Pessimism In Friedrich Nietzsche's The Birth Of Tragedy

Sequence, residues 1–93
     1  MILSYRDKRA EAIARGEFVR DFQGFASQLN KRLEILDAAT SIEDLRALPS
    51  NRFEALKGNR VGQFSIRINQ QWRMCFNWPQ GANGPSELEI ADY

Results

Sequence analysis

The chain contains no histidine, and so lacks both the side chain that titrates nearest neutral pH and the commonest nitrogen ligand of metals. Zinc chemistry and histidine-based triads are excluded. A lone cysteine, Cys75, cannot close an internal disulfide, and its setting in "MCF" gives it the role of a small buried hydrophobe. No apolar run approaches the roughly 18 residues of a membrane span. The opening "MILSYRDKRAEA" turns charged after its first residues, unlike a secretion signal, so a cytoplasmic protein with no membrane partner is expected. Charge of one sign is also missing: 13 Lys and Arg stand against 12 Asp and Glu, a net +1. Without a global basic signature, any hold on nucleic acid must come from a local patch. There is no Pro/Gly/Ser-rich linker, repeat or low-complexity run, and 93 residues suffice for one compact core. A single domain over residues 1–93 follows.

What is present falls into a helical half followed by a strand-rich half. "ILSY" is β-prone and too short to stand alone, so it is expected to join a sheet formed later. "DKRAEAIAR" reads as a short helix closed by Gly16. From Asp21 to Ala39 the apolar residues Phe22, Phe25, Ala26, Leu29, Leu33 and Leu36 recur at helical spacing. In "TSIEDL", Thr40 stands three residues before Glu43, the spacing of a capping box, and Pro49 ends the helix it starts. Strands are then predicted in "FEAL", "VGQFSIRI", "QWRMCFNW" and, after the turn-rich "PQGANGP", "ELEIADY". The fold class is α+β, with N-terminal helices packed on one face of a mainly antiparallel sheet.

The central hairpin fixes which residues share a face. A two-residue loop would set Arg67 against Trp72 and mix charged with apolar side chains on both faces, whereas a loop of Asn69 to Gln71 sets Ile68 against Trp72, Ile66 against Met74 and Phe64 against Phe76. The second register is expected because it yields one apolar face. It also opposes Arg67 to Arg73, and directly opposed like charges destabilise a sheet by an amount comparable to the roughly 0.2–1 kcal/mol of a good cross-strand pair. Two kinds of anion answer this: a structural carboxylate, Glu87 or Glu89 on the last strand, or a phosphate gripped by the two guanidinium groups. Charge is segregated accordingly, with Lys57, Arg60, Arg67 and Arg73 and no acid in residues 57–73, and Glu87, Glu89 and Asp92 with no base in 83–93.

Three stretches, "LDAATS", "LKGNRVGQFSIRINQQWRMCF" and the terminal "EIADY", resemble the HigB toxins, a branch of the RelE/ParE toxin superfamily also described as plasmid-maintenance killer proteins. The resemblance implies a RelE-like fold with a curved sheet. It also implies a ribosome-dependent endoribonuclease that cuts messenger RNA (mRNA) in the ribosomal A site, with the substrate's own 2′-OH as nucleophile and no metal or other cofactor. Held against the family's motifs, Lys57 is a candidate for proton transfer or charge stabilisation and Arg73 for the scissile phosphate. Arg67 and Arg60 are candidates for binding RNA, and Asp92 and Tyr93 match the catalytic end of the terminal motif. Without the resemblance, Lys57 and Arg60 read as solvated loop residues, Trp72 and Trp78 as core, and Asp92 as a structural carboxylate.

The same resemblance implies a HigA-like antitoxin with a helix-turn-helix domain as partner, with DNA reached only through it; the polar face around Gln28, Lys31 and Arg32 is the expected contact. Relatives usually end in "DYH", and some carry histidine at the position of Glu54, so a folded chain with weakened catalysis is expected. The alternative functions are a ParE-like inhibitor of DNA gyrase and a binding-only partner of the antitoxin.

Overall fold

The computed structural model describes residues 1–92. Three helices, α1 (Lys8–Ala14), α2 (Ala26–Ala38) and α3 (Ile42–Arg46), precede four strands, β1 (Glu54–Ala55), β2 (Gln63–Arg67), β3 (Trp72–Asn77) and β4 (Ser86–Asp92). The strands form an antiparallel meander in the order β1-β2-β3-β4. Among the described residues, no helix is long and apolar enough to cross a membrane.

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Dionysian Tragedy “Is pessimism inevitably the sign of decline, decadence, waywardness, of wearied, enfeebled instincts?” (3) In The Birth of Tragedy, Friedrich Nietzsche reveals the origins and foundations of Greek tragedy and arts through Apollonian and Dionysian spirits. Apollonian spirit is an impulse to create and to achieve dreams because it provides the audience with visible and sensible figures. Apollonian spirit represents logic, consciousness and individualism. The exact opposite of Apollonian, Dionysian, arouses irrationality and instincts. Apollonian and Dionysian spirits complement each other. “As artistic powers which spring from nature itself, without the mediation of the human artist,” however, humans intentionally favor Apollonian over Dionysian spirit through morality, science and arts. (18) A perfect example is that people naturally believe that pessimism and irrationality are wrong and chaotic, even the belief of pessimism itself is pathetic. Nietzsche denounces that scientism and rationality because they end pessimism and cover the essential existence of humans with the veil of optimism. Nietzsche believes that the fear to the surroundings leads to the birth of Olympian gods and tragedy in sensitive Greek culture. Tragic heroes and the music relieve the public from the sufferings because they undertake the sorrow and burdens that the public are not able to take. However, Nietzsche accuses the scientism of ending the tragedy. The first mistake of
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